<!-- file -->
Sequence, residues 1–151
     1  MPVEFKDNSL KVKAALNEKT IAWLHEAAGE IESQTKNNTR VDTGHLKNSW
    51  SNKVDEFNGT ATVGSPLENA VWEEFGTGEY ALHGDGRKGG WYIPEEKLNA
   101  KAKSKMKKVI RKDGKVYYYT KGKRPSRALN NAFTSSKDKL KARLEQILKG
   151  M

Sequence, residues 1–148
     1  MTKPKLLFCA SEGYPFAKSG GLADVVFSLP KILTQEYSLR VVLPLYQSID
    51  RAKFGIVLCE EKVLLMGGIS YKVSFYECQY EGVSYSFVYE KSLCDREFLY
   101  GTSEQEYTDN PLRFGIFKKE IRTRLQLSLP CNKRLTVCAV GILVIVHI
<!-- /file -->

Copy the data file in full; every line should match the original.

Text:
Sequence, residues 1–151
     1  MPVEFKDNSL KVKAALNEKT IAWLHEAAGE IESQTKNNTR VDTGHLKNSW
    51  SNKVDEFNGT ATVGSPLENA VWEEFGTGEY ALHGDGRKGG WYIPEEKLNA
   101  KAKSKMKKVI RKDGKVYYYT KGKRPSRALN NAFTSSKDKL KARLEQILKG
   151  M

Sequence, residues 1–148
     1  MTKPKLLFCA SEGYPFAKSG GLADVVFSLP KILTQEYSLR VVLPLYQSID
    51  RAKFGIVLCE EKVLLMGGIS YKVSFYECQY EGVSYSFVYE KSLCDREFLY
   101  GTSEQEYTDN PLRFGIFKKE IRTRLQLSLP CNKRLTVCAV GILVIVHI